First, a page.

John ColtraneA Love Supreme: Live In Seattle

Label:Impulse! – B0034291-01, UMe – B0034291-01
2 x Vinyl, LP, Album, Stereo
Style:Modal, Avant-garde Jazz, Free Jazz


AA Love Supreme, Pt. I - Acknowledgement21:59
B1Interlude 12:36
B2A Love Supreme, Pt. II - Resolution11:05
B3Interlude 26:26
CA Love Supreme, Pt. III - Pursuance15:44
D1Interlude 36:38
D2Interlude 44:20
D3A Love Supreme, Pt. IV - Psalm7:21

Companies, etc.



Issued in gatefold jacket with a 10x10" 12 page booklet.

Recorded by Joe Brazil at The Penthouse, Seattle, WA on October 2, 1965.
Some copies have "Made in Germany" on sticker on shrink, on back.

Runouts are hand-etched. In runouts, all Optimal plating symbols may be inverted (e.g., “⊥” vs “T”), and the entire Optimal character string is mirrored (e.g., “1△” vs “△↾”).

Barcode and Other Identifiers

  • Barcode (Text): 6 02438 49998 4
  • Barcode (Scanned): 0602438499984
  • Other (On 60 Impulse! sticker): STDIMP60LP
  • Matrix / Runout (Side A runout - variant 1): BL48001-01 A1 - KR 3858566
  • Matrix / Runout (Side B runout - variant 1): BL48001-01 B1 - KR 3858566
  • Matrix / Runout (Side C runout - variant 1): BL48001-02 C1 - KR 3858567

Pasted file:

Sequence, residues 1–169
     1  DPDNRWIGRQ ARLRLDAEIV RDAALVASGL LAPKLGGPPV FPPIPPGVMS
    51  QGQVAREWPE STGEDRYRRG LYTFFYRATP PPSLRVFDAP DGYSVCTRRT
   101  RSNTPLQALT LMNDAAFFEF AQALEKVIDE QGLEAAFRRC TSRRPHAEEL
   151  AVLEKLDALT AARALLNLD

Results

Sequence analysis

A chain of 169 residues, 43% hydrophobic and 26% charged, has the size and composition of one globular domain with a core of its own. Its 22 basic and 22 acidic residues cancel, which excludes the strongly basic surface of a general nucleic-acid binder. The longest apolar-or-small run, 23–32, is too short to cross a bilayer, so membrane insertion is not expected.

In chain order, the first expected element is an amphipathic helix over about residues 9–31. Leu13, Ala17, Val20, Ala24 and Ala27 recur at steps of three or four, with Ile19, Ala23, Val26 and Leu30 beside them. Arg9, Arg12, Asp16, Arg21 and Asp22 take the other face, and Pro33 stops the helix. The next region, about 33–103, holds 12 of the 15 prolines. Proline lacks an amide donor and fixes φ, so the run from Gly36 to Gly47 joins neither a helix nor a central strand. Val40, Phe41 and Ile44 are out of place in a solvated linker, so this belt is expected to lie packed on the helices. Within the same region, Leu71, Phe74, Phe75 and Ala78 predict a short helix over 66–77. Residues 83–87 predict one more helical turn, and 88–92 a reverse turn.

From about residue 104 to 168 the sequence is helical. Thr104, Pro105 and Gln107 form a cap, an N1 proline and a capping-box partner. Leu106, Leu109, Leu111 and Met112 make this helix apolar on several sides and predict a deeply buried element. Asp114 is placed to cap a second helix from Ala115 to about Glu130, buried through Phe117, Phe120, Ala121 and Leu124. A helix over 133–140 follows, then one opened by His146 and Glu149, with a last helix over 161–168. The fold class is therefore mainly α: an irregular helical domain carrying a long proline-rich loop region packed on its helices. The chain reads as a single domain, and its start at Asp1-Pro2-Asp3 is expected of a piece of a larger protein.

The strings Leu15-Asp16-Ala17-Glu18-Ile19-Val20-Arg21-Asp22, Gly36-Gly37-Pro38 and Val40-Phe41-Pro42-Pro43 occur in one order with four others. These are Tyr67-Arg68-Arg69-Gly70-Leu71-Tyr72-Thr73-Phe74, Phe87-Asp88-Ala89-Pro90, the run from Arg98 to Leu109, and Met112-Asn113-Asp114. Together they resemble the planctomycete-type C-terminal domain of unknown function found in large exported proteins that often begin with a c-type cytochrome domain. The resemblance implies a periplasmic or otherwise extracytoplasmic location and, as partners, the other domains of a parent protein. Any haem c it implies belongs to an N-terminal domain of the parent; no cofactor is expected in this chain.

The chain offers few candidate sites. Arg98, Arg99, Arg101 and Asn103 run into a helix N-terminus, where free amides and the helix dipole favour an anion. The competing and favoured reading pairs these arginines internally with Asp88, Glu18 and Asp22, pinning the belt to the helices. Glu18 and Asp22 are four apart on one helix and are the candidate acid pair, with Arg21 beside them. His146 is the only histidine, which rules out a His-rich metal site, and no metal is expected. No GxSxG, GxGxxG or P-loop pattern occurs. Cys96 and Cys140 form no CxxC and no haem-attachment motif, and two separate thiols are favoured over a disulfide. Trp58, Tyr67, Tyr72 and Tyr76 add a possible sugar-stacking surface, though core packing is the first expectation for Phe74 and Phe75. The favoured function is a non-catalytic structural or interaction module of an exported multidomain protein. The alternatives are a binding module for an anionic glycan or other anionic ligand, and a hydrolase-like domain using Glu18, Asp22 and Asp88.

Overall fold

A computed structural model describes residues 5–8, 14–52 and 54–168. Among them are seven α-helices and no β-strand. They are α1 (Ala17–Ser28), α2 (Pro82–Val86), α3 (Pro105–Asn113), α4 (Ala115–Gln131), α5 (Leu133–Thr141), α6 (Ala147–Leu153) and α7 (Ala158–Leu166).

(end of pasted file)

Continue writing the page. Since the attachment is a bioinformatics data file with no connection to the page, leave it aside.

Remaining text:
• Matrix / Runout (Side D runout - variant 1): BL48001-02 D1 - KR 3858567
  • Matrix / Runout (Side A runout - variant 2): BL48001-01 A1 - KR 3858566 1T
  • Matrix / Runout (Side B runout - variant 2): BL48001-01 B1 - KR 3858566 1-
  • Matrix / Runout (Side C runout - variant 2): BL48001-02 C1 - KR 3858567 1T
  • Matrix / Runout (Side D runout - variant 2): BL48001-02 D1 - KR 3858567 1x
  • Matrix / Runout (Side A runout - variant 3): BL48001-01 A1 - KR 3858566 1I
  • Matrix / Runout (Side B runout - variant 3): BL48001-01 B1 - KR 3858566 1I
  • Matrix / Runout (Side C runout - variant 3): BL48001-02 C1 - KR 3858567 1X
  • Matrix / Runout (Side D runout - variant 3): BL48001-02 D1 - KR 3858567 11

Other Versions (3)

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Title (Format)LabelCat#CountryYear
Recently Edited
A Love Supreme: Live In Seattle (CD, Album)Impulse!, UMe00602438499977Europe2021
Recently Edited
A Love Supreme: Live In Seattle (CD, Album)Impulse!, UMeB0034290-02US2021
Recently Edited
A Love Supreme: Live In Seattle (CD, Album, SHM-CD)Impulse!, UMeUCCI-1052Japan2021



  • 19Jonny80's avatar
    Of historic interest for Coltrane fans, but not a good recording. Very lengthy bass solo too (longer than the studio album), which is even less interesting given the poor recording. As others have said, this doesn't have the Acoustic Sounds treatment...vinyl is flat and quiet, but comes in paper sleeves, the jacket isn't tip-on etc..
    • RufusTF's avatar
      Edited 10 months ago
      Music is energy. Sometimes you do not have to hear all the notes to get blasted with it. This performance is a huge wave of such energy. It's a blizzard that smashes into you and takes you with it. And like in a real blizzard, sometimes you get only the shadowy shapes of objects, other times you get the full picture.